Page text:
The House voted 201-87 to shut down debate Wednesday on Rep. Ro Khanna's (D-CA) resolution on the US role in in Yemen under the War Powers Act. "In American history… never, never has the speaker of the House and the majority denied a member of Congress a vote on matters of war and peace," Khanna said Thursday in remarks to Democracy Now.
"This is basically rendering ineffectual the War Powers Act," Khanna said, referring to the law passed in 1973 that was intended to keep the president from committing the American military to an armed conflict without the consent of Congress.
"And what the majority is saying, [is] that if the president of the United States and the speaker believe we should be in war, we should be in war; it doesn't matter what members of Congress think."
"This is what people hate about Congress. What the Republicans did, they wanted to have a resolution that would allow for hunting of wolves and not have wolves be listed on the Endangered Species Act. And they knew many Republicans would want to vote for that, and so they linked a vote on my resolution to the vote on wolves so that Republicans would vote against my resolution coming to the floor, if they agreed with the position on wolves. It was a parliamentary maneuver. And we've never seen those kind of shenanigans with a war powers resolution."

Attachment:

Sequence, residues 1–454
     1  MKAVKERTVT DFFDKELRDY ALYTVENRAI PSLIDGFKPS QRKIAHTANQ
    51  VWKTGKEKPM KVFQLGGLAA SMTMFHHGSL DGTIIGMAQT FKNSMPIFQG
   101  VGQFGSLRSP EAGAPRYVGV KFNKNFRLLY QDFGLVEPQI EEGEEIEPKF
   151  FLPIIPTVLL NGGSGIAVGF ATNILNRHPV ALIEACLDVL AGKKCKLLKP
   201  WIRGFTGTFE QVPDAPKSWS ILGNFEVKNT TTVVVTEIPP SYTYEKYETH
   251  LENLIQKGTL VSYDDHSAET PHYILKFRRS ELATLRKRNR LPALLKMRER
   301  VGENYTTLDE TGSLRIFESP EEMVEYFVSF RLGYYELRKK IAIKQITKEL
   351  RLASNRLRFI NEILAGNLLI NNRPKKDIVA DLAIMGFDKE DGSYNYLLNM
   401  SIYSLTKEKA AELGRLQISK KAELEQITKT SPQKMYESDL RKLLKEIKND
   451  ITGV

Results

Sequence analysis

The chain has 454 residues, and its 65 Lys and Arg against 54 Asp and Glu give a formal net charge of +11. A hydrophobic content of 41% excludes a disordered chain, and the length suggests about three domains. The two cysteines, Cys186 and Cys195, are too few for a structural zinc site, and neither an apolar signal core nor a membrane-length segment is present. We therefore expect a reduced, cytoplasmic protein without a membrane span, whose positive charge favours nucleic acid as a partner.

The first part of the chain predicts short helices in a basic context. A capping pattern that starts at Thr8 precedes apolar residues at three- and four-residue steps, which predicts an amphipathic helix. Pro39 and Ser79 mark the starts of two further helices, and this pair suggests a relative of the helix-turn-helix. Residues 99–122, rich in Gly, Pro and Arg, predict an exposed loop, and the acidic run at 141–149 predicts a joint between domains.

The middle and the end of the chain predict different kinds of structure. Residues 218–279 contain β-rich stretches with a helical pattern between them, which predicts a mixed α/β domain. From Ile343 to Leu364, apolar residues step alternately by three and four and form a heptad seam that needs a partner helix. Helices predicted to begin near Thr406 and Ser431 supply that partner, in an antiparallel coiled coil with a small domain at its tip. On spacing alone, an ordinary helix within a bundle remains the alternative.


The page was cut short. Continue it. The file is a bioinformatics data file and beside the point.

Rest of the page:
Magnifying the severity of the issue is the fact that the United Nations has said Yemen is suffering from the world's worst humanitarian crisis, and it's now in its fourth year. Some 14 million Yemenis are on the brink of starvation from the Saudi coalition's tactics to prevent food from being imported into the country. In September, David Beasley of the World Food Programme warned that "time is running out" to ward off imminent famine.
The US has supported the coalition by supplying equipment and munitions, sharing some
intelligence and providing logistics support.
"Now, bracket the politics. I believe the coalition has been more to blame than the Houthis. The Houthis don't have clean hands. They are backed, in some cases, by Iran. But put aside the politics. Everyone, whether you're more sympathetic to the coalition or more sympathetic to the Houthis, knows that there needs to be an immediate cessation of violence. And it's the Saudis that are bombing the ports, that aren't allowing food and medicine in. All this resolution would have done is stopped that violence to allow humanitarian aid in," Khanna said Thursday on Democracy Now.
A surprising coalition of US lawmakers has rallied around the issue. Senators Mike Lee (R-Utah), Chris Murphy (D-CT) and Bernie Sanders (I-VT) and are reportedly planning to force a vote in the upper chamber of the legislature to end US involvement in Yemen after the Thanksgiving recess, according to Defense News.